The woes of a French landlady … & saving kittens

2 kittens eating from little bowls

This week we are preparing to return to our French home and we are so excited…with some misgivings. 

We had some lodgers who decided about a month or so ago not to pay any more rent: readers: be warned if you’re a homeowner in France and thinking of renting it out: French law dictates that no one can be evicted over the winter months and there are tenants out there who like to take advantage of this because there’s nothing a landlord can do about it. So I received an email from my tenants one morning, with half of it in bold and the other half in red capitals telling me that by law they could decide to stop paying rent and they were choosing this lovely option. 

I knew that it could take up to a year, even two or three, to remove squatters so I started looking to see what my rights were.

I couldn’t see any. As a landlord I literally have no rights in France, or that’s what it seems like. 

Now, I’m no criminal, but my indignation and constant reminder of that expression:’ an Englishman’s home is his castle’ caused me to have some really horrible thoughts filled with violent acts… smashing down the front door to get into my own property, trashing my tenants’ names on social media, creating an email with their names.are.squatting.my.home@gmail.com and sending a message to their work colleagues, and so on. But the French law always favours the ‘poor vulnerable;’ tenant against the ‘nasty, money-grabbing, immoral’ landlord so I realised I would probably get into legal trouble.

After spending about a week venting my anger and frustration to anyone who would listen, I finally calmed down and wrote a sensible email back to my tenants, even agreeing with the lady that yes, indeed the law did indeed cover their actions to not pay rent. But I finished with a little sentence saying by the way,  I had absolutely no problem whatsoever facing the consequences of my actions in a court of law and that they had better be out of my house before I get there.  Luckily for me, they left 7 weeks later; my neighbour called me to say they had abandoned the place.

Hooray I first thought until I realised hang on…and yes, the plot thickens…because they had been looking after our cats.

Huh? I hear you thinking. Yes well that’s another story and I’ll try to be brief… my daughter Charlotte and I were at a French after-school club last summer and one of other facilitators was talking to Charlotte. She told my 9-year old that they had some kittens, however they didn’t want them, so they were going to stick them in a bag, tie a knot and drown them in the river. My daughter ran up to me and related this story.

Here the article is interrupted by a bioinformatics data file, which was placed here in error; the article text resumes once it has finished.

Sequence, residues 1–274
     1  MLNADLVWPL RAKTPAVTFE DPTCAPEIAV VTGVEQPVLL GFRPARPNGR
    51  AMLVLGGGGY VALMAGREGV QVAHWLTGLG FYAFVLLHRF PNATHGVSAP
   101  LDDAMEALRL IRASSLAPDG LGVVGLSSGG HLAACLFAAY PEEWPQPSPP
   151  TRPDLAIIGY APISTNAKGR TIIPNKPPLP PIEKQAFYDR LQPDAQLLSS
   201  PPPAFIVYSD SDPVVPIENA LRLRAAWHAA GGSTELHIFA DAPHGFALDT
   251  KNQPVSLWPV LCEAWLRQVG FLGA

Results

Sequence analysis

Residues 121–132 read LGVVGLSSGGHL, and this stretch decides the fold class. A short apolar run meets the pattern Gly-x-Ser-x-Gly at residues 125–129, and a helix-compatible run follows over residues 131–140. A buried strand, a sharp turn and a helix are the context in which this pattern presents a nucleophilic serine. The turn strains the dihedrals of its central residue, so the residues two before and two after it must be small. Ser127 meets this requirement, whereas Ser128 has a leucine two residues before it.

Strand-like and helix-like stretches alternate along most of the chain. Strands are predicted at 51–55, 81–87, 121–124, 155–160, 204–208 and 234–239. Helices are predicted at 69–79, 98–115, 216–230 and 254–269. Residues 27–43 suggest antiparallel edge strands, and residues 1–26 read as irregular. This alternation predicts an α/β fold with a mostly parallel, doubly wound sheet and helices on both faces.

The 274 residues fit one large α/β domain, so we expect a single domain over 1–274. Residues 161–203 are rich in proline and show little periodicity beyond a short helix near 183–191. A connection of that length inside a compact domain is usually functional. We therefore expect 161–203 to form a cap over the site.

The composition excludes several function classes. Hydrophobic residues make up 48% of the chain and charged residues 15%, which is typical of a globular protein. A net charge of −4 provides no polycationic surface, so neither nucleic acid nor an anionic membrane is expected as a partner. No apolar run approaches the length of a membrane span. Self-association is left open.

This was probably the first time ever Charlotte had heard of such a thing happening and it really saddened me. We’ll take the kittens, I said, of course, without really thinking. Two months later, we had to return to England and the kittens were still too young to have their ops so weren’t able to travel with us. My new tenants-to-be already had a cat and were delighted to look after our kittens, RumTum & Luna, for 6 months and get them vaccinated etc. Sorted.  

Back to present day and I realised my tenants had taken the (now) cats with them. My cats have been stolen! No problem, I thought, as we’ve had them microchipped so we’ll be able to track them down. No, said the vet. The microchips works in the case of a random cat walking into the surgery but not as a gps. However the vet was adamant the police would be able to find them as it’s effectively a crime. 

So we have a search on our hands and as soon as we arrive in France we are paying a visit to the local gendarmerie to report a theft. I can’t quite envisage my local police traipsing across France with an address scribbled in a notebook and a pet carrier in the back of the van, but we’ll see. 

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